what would you do?   4 comments

let’s play make believe …

you own a baseball team.  you recently bought it and got a good price on it, but truth be told, you’re extremely wealthy and the price was a non-issue (think Mark Cuban without the dancing). the team is mired in mediocrity, but has a solid fan base (think Cubs).  year after year they’ve been close to turning that corner and yet one thing or another upends the team and they finish with the “also-rans”.

one of the first things you do is start tossing money at your farm system.  you realize that while you may be able to get some players in the free agent market, you also realize that you need to start developing your own talent.

next you re-evaluate your front office staff and decide if they were hamstrung by the previous ownership or if their approach to developing a winner doesn’t fit with yours.  most often, overhauls occur, but you’ll take your time and decide if changes are warranted.

then the on field manager … is he getting the best efforts out of your players?  if not, what change needs to be made?  a more aggressive manager?  a player’s manager?

lastly, your players.  which ones do you need to dump and which ones to keep.  what decisions you make will affect whether you can land certain free agents because while they like money, they also want to contribute to winning (most often, anyway).

with money as a non-issue what do you do when it comes to signing contracts with free agents?  do you make sure you land the ones you want or do you consider all your opposition and help keep salary structures in line with what others can afford?  i.e. if you could afford to “buy” a pennant, would you?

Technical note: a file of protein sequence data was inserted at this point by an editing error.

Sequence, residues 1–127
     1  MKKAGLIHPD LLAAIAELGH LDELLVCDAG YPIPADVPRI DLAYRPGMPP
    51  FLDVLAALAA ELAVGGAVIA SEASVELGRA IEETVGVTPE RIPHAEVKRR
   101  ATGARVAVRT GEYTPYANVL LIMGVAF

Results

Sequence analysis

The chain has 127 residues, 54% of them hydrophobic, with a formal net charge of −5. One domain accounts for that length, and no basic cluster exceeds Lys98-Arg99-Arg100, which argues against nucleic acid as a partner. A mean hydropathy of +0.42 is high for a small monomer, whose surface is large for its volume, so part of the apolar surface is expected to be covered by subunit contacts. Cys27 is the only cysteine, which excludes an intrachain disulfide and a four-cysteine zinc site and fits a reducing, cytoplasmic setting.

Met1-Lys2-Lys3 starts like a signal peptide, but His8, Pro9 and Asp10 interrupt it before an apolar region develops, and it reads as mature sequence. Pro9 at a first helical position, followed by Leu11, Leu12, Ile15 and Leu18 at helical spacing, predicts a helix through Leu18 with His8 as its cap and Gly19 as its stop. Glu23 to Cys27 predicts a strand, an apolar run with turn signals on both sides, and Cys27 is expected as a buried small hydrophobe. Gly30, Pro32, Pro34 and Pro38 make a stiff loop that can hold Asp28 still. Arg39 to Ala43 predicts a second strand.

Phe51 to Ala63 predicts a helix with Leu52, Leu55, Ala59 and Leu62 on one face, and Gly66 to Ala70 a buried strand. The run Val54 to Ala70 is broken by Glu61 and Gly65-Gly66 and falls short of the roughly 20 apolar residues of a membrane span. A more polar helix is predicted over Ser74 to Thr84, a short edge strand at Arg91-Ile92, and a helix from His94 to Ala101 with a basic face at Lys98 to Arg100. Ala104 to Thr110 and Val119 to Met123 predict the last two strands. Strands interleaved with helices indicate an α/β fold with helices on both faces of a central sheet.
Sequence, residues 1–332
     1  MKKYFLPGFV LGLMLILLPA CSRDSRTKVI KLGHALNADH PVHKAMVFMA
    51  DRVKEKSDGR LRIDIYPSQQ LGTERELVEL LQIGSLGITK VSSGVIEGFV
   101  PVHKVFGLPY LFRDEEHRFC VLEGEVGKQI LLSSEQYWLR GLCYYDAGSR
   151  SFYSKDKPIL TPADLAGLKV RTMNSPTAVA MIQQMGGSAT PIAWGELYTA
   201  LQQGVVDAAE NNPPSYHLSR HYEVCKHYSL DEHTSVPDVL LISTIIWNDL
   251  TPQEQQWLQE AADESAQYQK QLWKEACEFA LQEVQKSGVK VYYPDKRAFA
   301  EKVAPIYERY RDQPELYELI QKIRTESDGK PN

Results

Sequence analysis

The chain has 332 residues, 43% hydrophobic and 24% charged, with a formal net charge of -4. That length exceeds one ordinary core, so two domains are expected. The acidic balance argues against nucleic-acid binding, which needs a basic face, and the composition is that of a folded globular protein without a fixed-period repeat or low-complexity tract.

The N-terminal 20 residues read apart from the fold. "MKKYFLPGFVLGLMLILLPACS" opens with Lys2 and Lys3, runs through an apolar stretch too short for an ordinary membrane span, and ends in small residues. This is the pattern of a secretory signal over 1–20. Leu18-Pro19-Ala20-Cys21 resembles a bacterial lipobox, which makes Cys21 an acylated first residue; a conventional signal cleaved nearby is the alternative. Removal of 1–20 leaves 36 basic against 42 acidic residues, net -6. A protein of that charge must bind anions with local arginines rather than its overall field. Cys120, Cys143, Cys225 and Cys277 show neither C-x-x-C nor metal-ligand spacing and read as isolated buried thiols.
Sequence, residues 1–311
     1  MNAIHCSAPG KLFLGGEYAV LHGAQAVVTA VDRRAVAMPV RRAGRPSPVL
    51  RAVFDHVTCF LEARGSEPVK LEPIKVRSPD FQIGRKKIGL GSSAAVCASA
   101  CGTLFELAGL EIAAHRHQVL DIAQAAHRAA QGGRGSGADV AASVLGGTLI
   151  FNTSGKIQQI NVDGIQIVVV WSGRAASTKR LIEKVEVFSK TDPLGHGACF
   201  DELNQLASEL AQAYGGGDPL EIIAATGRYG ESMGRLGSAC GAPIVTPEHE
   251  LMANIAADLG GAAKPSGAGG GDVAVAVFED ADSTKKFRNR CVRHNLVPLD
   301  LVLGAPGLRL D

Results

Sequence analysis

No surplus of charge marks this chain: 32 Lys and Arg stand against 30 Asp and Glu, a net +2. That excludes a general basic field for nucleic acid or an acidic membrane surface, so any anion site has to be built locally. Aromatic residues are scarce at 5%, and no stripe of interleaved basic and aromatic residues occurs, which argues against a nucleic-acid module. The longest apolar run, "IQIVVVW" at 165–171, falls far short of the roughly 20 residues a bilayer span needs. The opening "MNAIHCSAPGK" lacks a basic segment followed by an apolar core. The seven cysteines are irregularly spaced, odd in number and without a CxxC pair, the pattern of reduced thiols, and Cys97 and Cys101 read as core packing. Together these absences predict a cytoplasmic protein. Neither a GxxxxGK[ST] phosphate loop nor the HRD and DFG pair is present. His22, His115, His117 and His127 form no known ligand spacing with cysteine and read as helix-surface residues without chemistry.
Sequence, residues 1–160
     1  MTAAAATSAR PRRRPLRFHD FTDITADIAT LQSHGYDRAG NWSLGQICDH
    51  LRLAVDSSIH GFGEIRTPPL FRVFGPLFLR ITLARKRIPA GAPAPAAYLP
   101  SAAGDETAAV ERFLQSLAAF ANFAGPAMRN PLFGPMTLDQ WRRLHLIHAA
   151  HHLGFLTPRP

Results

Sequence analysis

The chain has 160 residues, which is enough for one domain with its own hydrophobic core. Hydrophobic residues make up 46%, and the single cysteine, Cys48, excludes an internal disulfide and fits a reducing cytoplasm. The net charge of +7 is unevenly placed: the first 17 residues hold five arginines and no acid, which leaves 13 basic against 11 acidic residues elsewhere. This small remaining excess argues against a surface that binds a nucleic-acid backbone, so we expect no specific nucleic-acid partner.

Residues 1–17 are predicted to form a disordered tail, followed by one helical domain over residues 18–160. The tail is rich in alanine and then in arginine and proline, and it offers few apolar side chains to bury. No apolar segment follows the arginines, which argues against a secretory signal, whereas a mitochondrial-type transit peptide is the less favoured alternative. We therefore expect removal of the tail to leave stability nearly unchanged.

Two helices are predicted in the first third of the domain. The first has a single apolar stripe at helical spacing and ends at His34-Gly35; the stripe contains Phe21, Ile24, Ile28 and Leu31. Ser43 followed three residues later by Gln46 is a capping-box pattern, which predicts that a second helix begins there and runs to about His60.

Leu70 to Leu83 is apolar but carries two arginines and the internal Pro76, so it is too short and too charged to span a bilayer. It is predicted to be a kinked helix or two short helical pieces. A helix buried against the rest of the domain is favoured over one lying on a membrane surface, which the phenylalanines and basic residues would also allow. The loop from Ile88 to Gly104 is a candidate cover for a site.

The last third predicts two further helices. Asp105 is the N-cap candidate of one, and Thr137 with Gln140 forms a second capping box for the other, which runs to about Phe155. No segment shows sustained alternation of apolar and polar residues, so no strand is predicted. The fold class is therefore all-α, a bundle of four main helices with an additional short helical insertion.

i started this blog to help explain why i don’t think the Yankees are the evil empire, and to a great degree, i think that’s still an accurate view.  if you had unlimited funds and wanted to win now, what’s wrong with making sure you get the players you want.  almost anyone with a hugely competitive drive would do just that.  your concern wouldn’t be about how your signing player A for a million more than team B is going to affect his bottom line budget.

but now that i’ve written this much, i just want to have the opportunity to buy a team.  now to come up with a billion dollar idea …

-chief

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Posted 08/31/2010 by rick in Baseball

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4 responses to “what would you do?

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  1. Chief – I think you miss the point as to why most of us (myself included) think of the Yankees as the evil empire. It’s not that the organization (even including their late owner) is filled with demons. It is a combination of envy (can’t deny their success) and the lack of an even playing field. I don’t fault the Yankees for shelling out the bucks (and out-bidding the competition) for seemingly every free agent worth anything, but it is frustrating for small to middle-market fans, knowing that they start the season at a disadvantage and can do nothing about it. The age of free agency has done that and, in my opinion, has made the sport a little less fun than it used to be. I understand the success stories of the Twins and Rays but, overall, the Yankees (at least over the last 30+ years) always start the season as the team to beat because they are loaded. Actually, in my opinion, if they had some smarter front office folks (I don’t give Cashman a lot of credit), if you combine the allure of putting on the pin stripes with a fatter bank account, they ought to be clobbering the competition every year. The fact that they don’t is a credit to some pretty sharp front offices of other clubs – again, Tampa Bay and Minnesota come to mind.